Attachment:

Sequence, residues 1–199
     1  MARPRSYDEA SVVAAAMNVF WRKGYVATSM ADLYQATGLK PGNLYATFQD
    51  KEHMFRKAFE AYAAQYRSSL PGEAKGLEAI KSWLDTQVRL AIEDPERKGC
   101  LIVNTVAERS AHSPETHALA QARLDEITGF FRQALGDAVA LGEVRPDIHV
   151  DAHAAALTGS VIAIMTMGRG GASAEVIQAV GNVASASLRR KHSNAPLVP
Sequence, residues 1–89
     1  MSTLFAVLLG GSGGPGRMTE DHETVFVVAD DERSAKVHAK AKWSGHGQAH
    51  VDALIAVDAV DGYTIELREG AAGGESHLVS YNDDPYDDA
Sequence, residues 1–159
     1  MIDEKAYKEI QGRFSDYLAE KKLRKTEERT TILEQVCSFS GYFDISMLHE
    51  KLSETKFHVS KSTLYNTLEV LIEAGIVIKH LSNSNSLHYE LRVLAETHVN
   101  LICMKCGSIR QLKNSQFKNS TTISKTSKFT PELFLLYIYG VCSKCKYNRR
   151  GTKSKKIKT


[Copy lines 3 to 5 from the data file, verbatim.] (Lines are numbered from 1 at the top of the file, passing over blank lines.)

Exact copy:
    51  KEHMFRKAFE AYAAQYRSSL PGEAKGLEAI KSWLDTQVRL AIEDPERKGC
   101  LIVNTVAERS AHSPETHALA QARLDEITGF FRQALGDAVA LGEVRPDIHV
   151  DAHAAALTGS VIAIMTMGRG GASAEVIQAV GNVASASLRR KHSNAPLVP